Children enjoying themselves on the farm eye careers in agriculture

FOR some children, farming has been a nurtured passion, and not just a hobby developed amid the novel coronavirus pandemic.

Numbered among those children are four who, with support from their parents, are on a course to pursue farming as a career.

Nine-year-old Samuel White, a student of McIntosh Memorial Primary School in Manchester, told the Jamaica Observer that he wants to be a fireman and a farmer.

“I assist my father and my cousin on their farm and I enjoy it. I feed the cows, feed the goats and I help him (father) to plant yam. It is fun. I go on the farm after school, after I finish my homework. I want to own my own farm when I am older. I want to be a fireman and I want to be a farmer too. I want to do the two of them together,” the nine-year-old said.

The boy currently feeds his passion by exploring two farms. When he is not reaping and weeding with his father, he is with his cousin, Citerina Atkins, on her farm that spans 20 acres of land.

“On my cousin’s farm, I help to reap, I help to tie up the goats and sometimes I help to drop potato slips,” he said, noting that none of his friends are interested in farming.

And the adage ‘time flies when you’re having fun’, sums up the youngster, who said he never gets tired on the farm, finely.

“My sweat gives me energy,” he said.

Atkins, his cousin, added: “Whenever we’re going to the farm he’s always eager to come. He started as soon as he was old enough to be able to come to the farm with us.”

Likewise, five-year-old Yollanda Forest has her eyes set on farm life. She often shadows her uncle Jermaine Black, who has been in the business since 2016 in Linstead, St Catherine.

“I love to water the plants and make them grow. I love to wash the pig pen, too. I wash the pen, then I give them feeding and then I give them water. I give them in the morning. I go on the farm before class and after class. And I pick sweet pepper, cucumber, tomato and I pick carrot and then I bring them home. And mommy and daddy seh dem love dem,” Yollanda said.

Yollanda added that her favourite thing about the farm is caring for the animals.

“I carry the goats outside so they can eat grass. I like the goats, the chickens and the pigs. We have 12 pigs and me nuh fraid a dem. I always touch dem.”

Her older brother, 11-year-old Derron Forest, has been in the game for two years, and recently reaped an eight-pound watermelon.

“I plant the melon myself and it weighed eight pounds. It was very sweet and many people eat it. My parents said that it is good and that I should plant more. I don’t plant anymore yet. I will plant more soon. I also plant tomato and I picked one already,” he told the Observer.

Like his sister, looking after the animals on the farm piques his interest.

“I clean the pen and wash the pigs. I help on the farm and help with the other animals like the cows and the chickens.”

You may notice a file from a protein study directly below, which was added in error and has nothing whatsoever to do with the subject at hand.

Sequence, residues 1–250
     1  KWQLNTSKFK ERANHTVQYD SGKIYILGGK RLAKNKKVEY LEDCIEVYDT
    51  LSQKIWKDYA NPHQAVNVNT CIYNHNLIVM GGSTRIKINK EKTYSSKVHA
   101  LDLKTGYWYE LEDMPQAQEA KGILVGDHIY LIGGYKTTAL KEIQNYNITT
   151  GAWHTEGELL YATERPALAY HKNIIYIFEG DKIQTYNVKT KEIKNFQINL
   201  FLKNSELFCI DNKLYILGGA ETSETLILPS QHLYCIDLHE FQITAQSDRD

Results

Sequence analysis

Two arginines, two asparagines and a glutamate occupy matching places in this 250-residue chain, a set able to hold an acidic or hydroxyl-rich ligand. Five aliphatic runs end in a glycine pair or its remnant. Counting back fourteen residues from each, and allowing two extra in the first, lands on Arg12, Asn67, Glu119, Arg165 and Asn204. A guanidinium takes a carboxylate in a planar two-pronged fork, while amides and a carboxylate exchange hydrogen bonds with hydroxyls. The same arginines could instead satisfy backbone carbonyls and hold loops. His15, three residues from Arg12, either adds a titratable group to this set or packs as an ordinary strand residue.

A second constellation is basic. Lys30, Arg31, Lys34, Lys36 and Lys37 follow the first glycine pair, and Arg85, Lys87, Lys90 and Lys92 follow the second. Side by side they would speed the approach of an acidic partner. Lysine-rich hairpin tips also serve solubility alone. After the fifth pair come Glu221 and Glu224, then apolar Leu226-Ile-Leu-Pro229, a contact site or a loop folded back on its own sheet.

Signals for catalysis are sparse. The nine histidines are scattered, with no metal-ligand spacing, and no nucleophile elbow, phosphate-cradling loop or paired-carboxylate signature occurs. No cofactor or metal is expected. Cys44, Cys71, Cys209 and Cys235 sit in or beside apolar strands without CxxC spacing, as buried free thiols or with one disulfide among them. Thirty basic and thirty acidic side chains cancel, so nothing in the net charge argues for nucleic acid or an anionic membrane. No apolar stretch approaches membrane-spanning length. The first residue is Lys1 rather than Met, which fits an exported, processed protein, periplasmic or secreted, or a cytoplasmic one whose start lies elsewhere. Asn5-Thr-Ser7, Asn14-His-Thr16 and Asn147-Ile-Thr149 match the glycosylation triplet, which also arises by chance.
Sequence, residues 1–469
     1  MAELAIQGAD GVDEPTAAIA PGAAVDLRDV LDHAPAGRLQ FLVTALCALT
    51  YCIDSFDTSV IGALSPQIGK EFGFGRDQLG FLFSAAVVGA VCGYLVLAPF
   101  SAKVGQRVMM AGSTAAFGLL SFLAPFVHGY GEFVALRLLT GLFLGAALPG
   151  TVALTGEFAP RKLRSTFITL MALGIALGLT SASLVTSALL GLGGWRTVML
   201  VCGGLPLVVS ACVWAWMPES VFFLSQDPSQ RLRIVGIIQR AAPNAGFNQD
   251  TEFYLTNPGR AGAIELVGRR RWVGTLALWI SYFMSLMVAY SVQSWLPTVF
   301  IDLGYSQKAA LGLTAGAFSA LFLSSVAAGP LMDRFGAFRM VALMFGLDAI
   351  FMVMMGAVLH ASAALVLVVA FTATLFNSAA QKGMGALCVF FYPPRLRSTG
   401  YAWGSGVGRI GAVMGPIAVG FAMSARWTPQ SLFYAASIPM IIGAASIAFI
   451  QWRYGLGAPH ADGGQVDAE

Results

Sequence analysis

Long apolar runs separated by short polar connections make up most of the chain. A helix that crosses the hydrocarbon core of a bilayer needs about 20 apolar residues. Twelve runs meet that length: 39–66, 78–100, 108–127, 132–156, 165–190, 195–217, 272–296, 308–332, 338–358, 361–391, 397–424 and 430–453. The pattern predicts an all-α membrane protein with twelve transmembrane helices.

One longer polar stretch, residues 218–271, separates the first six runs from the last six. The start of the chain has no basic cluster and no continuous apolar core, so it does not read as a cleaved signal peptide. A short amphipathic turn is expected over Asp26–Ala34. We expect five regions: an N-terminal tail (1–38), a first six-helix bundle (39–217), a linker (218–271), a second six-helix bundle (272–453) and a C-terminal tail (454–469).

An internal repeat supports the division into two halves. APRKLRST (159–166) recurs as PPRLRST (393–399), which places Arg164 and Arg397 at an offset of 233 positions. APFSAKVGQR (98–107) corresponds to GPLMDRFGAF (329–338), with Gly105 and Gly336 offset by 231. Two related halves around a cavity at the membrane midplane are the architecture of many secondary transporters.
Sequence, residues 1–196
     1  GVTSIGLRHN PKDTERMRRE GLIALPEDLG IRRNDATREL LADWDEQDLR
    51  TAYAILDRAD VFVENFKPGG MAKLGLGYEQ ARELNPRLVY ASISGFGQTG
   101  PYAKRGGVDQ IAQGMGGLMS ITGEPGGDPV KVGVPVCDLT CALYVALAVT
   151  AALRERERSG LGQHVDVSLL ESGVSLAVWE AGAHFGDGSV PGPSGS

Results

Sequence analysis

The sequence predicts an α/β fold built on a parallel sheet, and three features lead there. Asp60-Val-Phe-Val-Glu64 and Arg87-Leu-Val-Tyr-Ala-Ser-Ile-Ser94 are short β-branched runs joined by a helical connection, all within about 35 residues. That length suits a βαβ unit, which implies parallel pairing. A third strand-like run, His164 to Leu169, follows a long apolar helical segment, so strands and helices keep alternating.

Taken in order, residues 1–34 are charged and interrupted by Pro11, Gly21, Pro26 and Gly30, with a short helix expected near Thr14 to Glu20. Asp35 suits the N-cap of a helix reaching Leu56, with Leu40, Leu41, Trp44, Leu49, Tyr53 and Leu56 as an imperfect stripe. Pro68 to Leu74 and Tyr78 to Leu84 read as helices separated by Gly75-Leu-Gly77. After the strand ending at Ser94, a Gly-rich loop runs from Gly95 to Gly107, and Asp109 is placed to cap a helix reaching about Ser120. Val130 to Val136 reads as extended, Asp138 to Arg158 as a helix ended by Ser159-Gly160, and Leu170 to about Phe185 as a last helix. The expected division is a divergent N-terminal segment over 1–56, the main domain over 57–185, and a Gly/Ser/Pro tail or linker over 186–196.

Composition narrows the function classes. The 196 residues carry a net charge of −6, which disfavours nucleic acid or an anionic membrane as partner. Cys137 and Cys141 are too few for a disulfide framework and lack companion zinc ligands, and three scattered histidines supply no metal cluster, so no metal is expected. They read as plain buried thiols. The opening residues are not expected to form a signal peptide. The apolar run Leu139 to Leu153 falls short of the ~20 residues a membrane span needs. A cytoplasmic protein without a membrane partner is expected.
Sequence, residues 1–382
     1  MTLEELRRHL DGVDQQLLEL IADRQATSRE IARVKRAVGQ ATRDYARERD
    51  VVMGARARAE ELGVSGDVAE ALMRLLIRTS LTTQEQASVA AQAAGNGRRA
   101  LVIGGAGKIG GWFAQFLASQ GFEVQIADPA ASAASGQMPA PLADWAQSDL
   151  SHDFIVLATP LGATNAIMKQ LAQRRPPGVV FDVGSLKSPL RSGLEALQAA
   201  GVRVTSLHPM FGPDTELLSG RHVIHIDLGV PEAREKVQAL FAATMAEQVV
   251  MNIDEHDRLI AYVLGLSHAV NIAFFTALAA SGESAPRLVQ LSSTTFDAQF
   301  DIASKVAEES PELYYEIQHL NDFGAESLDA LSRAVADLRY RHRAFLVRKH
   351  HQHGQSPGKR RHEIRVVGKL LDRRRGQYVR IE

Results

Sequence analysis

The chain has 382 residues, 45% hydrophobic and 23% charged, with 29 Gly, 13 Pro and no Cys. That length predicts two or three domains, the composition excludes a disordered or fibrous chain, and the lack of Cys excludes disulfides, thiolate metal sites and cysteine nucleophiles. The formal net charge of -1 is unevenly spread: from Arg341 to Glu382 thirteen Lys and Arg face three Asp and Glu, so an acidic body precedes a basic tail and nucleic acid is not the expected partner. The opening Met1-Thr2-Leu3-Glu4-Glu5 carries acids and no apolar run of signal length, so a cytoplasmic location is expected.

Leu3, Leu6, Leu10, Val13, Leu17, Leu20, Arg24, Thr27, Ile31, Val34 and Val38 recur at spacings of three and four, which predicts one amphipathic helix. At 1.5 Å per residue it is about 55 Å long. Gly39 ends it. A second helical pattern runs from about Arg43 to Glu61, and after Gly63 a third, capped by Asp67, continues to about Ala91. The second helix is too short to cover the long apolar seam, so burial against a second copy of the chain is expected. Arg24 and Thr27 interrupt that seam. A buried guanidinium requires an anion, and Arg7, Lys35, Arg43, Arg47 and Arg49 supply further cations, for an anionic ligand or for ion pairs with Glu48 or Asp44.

And he has no problem killing chickens.

“I put them in the drum and hold dem neck and cut it off. I am not afraid to do it… I am used to it now. I did not do any today,” said Derron.

Black, their proud uncle, said both Derron and Yollanda have a real interest in agriculture.

“They are on the farm early in the morning before school time and after school. Dem love it. Dem help me carry out the goat dem, dem help me water crops and dem help me with the chickens.”

Further, Melissa McLish and nine-year-old Ruchelle Lewis are a mother-daughter farming duo. Lewis has been a recurring top performer at Hydel Preparatory School whilst honing her farming skills.

“I like that it’s like a free empty space that you can go and do anything like planting and walking around to clean up the crops. I enjoy it. I assist my mother with planting some of the crops and I help her to weed them. My favourite crops are mangoes and corn. They are my favourites because I like the taste of them. I feel like they take a long time and a short time to grow at the same time,” said Lewis.

In her younger, more impressionable years, Lewis was immersed in agriculture. Her grandmother, grandfather, uncle, mother and father are all farmers.

“I learnt to kill chicken for my grandparents. I am not afraid when doing it. Just cut the chicken head off,” Lewis added.

Mclish told the Observer that she noticed her daughter had an interest in farming since she was just one-year-old, and has given her the latitude to explore.

“She has class from 8:30 am to 1:30 pm. We allow her to finish up her homework after class and she does a little revision. Three times within the week, at like five o’ clock in the evening, we take her to the farm. But like Saturday and Sunday, she’s on the farm from in the afternoon. Sometimes she’s on the farm from in the morning on Sunday,” said McLish.

“She told us that she wants to be a contractual farmer. We are not going to hold her back on that. We are going to give her that push. That is her dream. We gave her a one row of onions which is her responsibility. And she is managing very well.”

Meanwhile, Lewis said tending to her mother’s farm helps her as a student.

“It gives me patience and it helps me in my schoolwork. I told my teacher that I want to be a farmer in the future,” she said.

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